Training and preparation changed dramatically, with far greater professionalism and a studied approach. To execute the manager’s game plan, which involved aiming for the corners and hoping to force mistakes, incredibly high levels of fitness were required. During pre-season players would be run into the ground, and made to go again if they didn’t keep up with Beck on his bike. They were relentlessly drilled in the same routines, while diet, eating habits and drink supplements became important considerations. Recovery days and warm-downs, things that are now taken for granted, were introduced.

“Training was very intense. We were probably the fittest team in the league, whatever league we played in,” says Philpott. “He did work us really, really hard, but he had to, given the intensity we played with. Sometimes, towards the end of games, teams couldn’t match our physical fitness. Some of his training methods were unusual though. There was one mad game that we played where we had our eyes shut and we had to try to work out where things were. There were some training methods that were unreal.”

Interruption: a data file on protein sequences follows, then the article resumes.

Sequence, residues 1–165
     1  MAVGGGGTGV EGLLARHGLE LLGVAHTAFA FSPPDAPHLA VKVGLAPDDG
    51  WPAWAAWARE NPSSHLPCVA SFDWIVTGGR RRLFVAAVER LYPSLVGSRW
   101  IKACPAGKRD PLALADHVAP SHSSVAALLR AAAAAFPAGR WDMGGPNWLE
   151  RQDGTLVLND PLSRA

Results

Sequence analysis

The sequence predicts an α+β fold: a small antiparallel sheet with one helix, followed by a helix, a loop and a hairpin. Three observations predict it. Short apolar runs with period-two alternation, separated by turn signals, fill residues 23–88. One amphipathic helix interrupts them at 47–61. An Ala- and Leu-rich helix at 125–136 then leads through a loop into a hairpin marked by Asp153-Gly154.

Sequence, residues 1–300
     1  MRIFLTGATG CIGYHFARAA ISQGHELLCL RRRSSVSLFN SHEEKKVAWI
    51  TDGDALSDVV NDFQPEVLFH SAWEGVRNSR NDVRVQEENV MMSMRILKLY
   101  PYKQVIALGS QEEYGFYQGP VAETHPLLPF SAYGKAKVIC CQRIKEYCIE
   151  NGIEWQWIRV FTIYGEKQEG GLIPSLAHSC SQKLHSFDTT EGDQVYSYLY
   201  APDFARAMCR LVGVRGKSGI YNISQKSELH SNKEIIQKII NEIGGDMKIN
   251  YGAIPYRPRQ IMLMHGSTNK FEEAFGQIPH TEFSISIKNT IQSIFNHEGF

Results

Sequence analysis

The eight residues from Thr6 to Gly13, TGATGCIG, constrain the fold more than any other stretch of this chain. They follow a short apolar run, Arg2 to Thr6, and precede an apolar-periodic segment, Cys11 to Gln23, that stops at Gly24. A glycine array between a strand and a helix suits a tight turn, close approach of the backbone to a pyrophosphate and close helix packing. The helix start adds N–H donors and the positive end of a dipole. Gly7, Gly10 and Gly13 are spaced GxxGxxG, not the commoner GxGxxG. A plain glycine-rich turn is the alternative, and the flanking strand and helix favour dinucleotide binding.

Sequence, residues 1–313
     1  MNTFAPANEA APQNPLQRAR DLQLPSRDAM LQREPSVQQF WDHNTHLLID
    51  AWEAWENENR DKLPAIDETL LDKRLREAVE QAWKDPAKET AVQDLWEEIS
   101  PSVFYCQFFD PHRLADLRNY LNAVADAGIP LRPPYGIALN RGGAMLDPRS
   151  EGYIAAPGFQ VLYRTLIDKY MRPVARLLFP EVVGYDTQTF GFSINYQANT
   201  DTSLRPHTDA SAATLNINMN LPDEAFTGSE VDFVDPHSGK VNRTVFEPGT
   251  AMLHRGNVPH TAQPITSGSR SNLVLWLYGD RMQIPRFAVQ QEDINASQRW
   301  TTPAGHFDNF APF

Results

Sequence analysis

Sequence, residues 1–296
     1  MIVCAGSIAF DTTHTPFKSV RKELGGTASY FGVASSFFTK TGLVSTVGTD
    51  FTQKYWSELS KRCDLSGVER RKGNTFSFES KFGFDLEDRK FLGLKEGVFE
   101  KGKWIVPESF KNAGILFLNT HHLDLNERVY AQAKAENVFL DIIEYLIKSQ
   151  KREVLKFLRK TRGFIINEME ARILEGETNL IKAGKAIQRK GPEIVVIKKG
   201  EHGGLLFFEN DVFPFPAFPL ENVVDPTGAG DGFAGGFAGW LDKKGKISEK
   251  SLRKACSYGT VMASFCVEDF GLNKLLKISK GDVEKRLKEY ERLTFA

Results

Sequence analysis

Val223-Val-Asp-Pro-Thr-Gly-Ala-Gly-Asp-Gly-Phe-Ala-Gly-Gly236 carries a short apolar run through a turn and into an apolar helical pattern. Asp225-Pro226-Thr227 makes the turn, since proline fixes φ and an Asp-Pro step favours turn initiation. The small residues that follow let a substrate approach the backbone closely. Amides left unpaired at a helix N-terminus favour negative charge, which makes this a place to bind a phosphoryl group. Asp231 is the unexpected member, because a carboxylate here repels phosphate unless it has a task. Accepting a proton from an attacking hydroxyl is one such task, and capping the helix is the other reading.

“He was a man with a plan. He knew exactly what he wanted. The instructions were given to us, which we had to take on board and play out. If not, then you didn’t play. There’s a lot of negativity about John’s methods but in some ways he was so advanced with things like training. There was no stone left unturned. He thought of everything, which the modern-day manager does. They’re always trying to get that edge, but John took it to the extreme. He was very good at what he did.”

Farsighted in many respects – statistics were compiled and opponents analysed in detail – Beck’s methods could also be strangely primitive and sometimes downright bizarre. To support his style of play, the grass was grown long in the corners so that the ball would hold up for wingers to run onto, while five-a-side matches took place in the centre of the pitch to churn up the grass, limiting the level of football that could be played and making it difficult to pass through his team.

Beck would go to great lengths in search of the smallest advantage. Visiting sides were made to feel as unwelcome as possible, with the heating turned off in the cramped away dressing room and flat, soggy practice balls given out. It was psychological warfare. The impact of these unsporting practices and intimidation tactics is impossible to quantify, and many felt they were done simply for effect – pseudoscience to create a hostile atmosphere. Meanwhile, Cambridge players were forced to take ice-cold showers before kick-off to ensure their alertness. A mythology developed around these rituals that remains to this day. Some opponents didn’t take kindly to it.